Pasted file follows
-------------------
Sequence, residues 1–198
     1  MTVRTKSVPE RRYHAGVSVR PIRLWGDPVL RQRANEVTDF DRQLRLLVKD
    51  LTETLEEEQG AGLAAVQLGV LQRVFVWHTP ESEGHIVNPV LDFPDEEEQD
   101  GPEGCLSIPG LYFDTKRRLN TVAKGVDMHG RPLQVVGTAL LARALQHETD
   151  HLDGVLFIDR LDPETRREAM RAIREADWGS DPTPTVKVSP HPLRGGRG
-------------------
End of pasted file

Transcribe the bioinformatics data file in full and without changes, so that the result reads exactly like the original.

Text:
Sequence, residues 1–198
     1  MTVRTKSVPE RRYHAGVSVR PIRLWGDPVL RQRANEVTDF DRQLRLLVKD
    51  LTETLEEEQG AGLAAVQLGV LQRVFVWHTP ESEGHIVNPV LDFPDEEEQD
   101  GPEGCLSIPG LYFDTKRRLN TVAKGVDMHG RPLQVVGTAL LARALQHETD
   151  HLDGVLFIDR LDPETRREAM RAIREADWGS DPTPTVKVSP HPLRGGRG